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Books > Arts & Photography > Decorative Arts & Design > 1568985401
  1. A Year in Japan
    A Year in Japan
    A Year in Japan
    A Year in Japan
    A Year in Japan
    A Year in Japan
    A Year in Japan
    A Year in Japan
    A Year in Japan
    A Year in Japan
    A Year in Japan
    Image(s) provided for illustrative purposes and may differ from the actual product
  2. A Year in Japan

    Delivery: 10-20 Working Days
    Customer Ratings (57 reviews)
    Price R373.00

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Made in Japan
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The Land of the Rising Sun is shining brightly across the American cultural landscape. Recent films such as Lost in Translation and Memoirs of a Geisha seem to have made everyone an expert on Japan, even if they've never been there. But the only way for a Westerner to get to know the real Japan is to become a part of it. Kate T. Williamson did just that, spending a year experiencing, studying, and reflecting on her adopted home. She brings her keen observations to us in A Year in Japan, a dramatically different look at a delightfully different way of life.

Avoiding the usual clichés--Japan's polite society, its unusual fashion trends, its crowded subways--Williamson focuses on some lesser-known aspects of the country and culture. In stunning watercolors and piquant texts, she explains the terms used to order various amounts of tofu, the electric rugs found in many Japanese homes, and how to distinguish a maiko from a geisha. She observes sumo wrestlers in traditional garb as they use ATMs, the wonders of "Santaful World" at a Kyoto department store, and the temple carpenters who spend each Sunday dancing to rockabilly. A Year in Japan is a colorful journey to the beauty, poetry, and quirkiness of modern Japana book not just to look at but to experience.

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Kate T. Williamson
Princeton Architectural Press
Princeton Architectural Press
Princeton Architectural Press
Princeton Architectural Press
Most Helpful Customer Reviews

It's actually an interesting exercise to compare this colorful journal with Karin Muller's recent "Japanland: A Year in Search of Wa". Whereas Muller approaches her sojourn as an almost anthropological expedition, author-artist Kate Williamson takes a decidedly more visual approach based on her own yearlong stay in Kyoto where she was studying, of all things, sock design. What sets apart Williamson's book are the bright watercolor illustrations that depict somewhat random aspects of Japanese life and culture. They show a sharp eye for authenticity and concurrently a sense of playfulness that reinforces the allure of Japan to the foreigner's eye.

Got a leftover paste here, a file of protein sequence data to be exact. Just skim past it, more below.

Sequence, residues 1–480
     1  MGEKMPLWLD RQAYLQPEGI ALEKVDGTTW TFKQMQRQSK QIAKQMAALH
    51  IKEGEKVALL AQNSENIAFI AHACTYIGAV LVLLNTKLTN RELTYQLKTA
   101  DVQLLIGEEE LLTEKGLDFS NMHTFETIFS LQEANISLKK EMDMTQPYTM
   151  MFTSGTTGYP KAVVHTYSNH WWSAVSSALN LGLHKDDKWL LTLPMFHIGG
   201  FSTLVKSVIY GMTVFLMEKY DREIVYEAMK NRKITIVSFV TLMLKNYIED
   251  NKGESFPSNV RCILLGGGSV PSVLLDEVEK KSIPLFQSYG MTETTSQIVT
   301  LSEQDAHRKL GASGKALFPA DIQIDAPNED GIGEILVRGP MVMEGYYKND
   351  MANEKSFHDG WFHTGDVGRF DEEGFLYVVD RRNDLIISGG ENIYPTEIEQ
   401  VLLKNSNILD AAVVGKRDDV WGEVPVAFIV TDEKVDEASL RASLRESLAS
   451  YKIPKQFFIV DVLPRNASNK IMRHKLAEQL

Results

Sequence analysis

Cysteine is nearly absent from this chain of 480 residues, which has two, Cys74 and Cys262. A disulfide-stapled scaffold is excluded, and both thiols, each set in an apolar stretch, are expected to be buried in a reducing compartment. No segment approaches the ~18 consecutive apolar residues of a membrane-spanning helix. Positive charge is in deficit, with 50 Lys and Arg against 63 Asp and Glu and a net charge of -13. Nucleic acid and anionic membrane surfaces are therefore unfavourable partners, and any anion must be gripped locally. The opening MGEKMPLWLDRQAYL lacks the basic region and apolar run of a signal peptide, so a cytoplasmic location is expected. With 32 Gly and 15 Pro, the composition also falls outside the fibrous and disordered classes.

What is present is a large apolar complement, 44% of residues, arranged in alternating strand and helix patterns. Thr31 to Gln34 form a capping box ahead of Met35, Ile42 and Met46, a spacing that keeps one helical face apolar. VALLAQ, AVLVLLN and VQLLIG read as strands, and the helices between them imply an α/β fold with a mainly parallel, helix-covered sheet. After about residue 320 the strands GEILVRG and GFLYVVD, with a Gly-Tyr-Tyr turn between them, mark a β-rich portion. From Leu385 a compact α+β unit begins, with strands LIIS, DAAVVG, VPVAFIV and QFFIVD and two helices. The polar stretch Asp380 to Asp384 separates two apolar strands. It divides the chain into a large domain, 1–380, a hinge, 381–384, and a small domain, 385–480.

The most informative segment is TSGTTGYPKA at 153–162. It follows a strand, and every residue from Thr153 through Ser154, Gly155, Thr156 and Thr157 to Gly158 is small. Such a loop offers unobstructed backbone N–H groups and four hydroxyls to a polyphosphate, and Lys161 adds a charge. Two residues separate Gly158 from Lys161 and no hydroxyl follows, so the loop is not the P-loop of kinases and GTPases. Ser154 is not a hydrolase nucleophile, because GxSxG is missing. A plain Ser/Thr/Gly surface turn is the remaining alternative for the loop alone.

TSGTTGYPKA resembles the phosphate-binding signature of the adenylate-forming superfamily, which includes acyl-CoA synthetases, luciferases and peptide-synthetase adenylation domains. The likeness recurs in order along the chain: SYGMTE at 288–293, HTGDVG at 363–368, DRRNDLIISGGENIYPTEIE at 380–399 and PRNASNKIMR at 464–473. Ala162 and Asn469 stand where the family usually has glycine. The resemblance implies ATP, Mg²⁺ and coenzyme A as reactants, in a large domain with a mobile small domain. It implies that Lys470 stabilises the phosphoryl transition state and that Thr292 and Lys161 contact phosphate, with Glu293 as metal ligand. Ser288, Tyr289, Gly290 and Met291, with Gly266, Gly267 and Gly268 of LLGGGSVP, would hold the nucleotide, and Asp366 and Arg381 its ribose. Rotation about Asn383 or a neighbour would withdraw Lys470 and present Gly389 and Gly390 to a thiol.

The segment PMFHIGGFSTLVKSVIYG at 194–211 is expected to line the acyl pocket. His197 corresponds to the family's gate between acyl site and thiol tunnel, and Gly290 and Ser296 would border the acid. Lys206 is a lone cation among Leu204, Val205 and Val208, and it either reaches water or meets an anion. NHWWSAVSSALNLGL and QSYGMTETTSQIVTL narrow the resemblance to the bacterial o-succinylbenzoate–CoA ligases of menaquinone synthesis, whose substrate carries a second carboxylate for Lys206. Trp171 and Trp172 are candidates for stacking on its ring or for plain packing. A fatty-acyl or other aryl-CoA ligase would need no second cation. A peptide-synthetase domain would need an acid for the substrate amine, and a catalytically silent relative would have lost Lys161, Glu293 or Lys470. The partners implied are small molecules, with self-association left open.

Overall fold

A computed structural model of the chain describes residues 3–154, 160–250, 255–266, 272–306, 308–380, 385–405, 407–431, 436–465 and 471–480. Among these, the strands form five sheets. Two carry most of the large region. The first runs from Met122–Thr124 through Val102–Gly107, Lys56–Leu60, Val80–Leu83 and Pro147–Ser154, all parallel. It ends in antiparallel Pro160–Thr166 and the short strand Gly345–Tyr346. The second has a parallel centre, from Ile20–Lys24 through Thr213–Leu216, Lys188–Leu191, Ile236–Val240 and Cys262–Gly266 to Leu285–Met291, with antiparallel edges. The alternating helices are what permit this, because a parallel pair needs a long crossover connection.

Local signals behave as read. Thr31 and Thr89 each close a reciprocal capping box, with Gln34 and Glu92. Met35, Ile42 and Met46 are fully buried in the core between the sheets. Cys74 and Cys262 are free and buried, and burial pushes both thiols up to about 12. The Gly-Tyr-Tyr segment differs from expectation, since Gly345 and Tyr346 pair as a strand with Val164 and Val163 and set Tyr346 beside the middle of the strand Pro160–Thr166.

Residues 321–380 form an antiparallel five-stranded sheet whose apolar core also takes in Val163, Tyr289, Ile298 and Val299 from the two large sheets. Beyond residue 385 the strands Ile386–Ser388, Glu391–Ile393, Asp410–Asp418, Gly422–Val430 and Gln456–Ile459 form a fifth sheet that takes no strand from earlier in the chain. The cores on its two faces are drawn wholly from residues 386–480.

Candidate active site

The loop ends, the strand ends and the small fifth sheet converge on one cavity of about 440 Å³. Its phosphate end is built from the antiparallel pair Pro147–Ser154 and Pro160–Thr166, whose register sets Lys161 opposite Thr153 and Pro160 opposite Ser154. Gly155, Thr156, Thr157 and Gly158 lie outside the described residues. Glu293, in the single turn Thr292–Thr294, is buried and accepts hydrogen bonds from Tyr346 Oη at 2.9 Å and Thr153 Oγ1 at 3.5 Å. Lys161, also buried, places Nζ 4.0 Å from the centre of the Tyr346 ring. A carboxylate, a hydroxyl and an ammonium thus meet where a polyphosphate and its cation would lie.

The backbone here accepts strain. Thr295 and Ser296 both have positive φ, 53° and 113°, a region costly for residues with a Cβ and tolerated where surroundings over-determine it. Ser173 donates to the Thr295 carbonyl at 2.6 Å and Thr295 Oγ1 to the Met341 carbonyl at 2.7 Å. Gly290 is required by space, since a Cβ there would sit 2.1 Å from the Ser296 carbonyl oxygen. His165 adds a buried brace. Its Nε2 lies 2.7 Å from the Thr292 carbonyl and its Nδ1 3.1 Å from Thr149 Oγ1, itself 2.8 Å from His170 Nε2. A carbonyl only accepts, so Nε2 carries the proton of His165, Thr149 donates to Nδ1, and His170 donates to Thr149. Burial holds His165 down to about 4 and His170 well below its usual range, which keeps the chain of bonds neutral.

She is fascinated by the famous wedded rocks at Meoto-Iwa, the patterns on washcloths, the colors available for backpacks, the foam cozies around apples, the difference in accessories between maiko girls and geishas, the everyday dress of sumo wrestlers, and the delicacies in a bento box. Luckily so am I. In between the pictures are... Read more
It is a great pleasure to be able to casually open A YEAR IN JAPAN, which stays next to my desk, and find a page by chance. On any given day, I might see a lovely two-page spread of maple leaves; an absorbing story (one of my favorites) in the author's fine print/cursive mix about her task of carefully tracing out the characters of a sutra in order to gain admittance to the Moss Temple; a tempting diagram of "sweets made especially for moon viewing"; an account of GUYS AND DOLLS performed by an all-female, Japanese cast; an illustration of a very comforting view from the inside of a Japanese taxi.

Every page is a pleasant portal into a world other than my own. The book is built loosely around the seasons and their shifting, and is thus also exciting as a work to be read through from front cover to back. Occasional references to the seasons provide an anchor for the reader, for example, you find out how traditional Japanese sweets have a specific shape and flavor in... Read more
Even before looking inside A Year in Japan, the fold-out back and front covers are wonders to behold. They contain smaller versions of the colourful interior illustrations and list topics that could be prompts for poems: Plum Blossoms, Signature Songs, Elegant Taxis, Electric Rugs, Indigo Fireflies, Lunch with a Geisha.

Kate T. Williamson designed and illustrated her book as well as wrote a journal of her year in Kyoto, Japan. She was enamoured with Japanese customs and objects (like apples in foam cozies and mangos impaled on chopsticks to make less-sticky eating) and created a book to celebrate them.

Williamson, who lives in New York City, studied filmmaking at Harvard University. Her love of travel and interest in sock design, along with a postgraduate fellowship, took her to Kyoto. For a year, she filled journals with her thoughts and sketches.

While reading of Williamson's discoveries during her year of noticing, I was reminded of Natalie Goldberg... Read more
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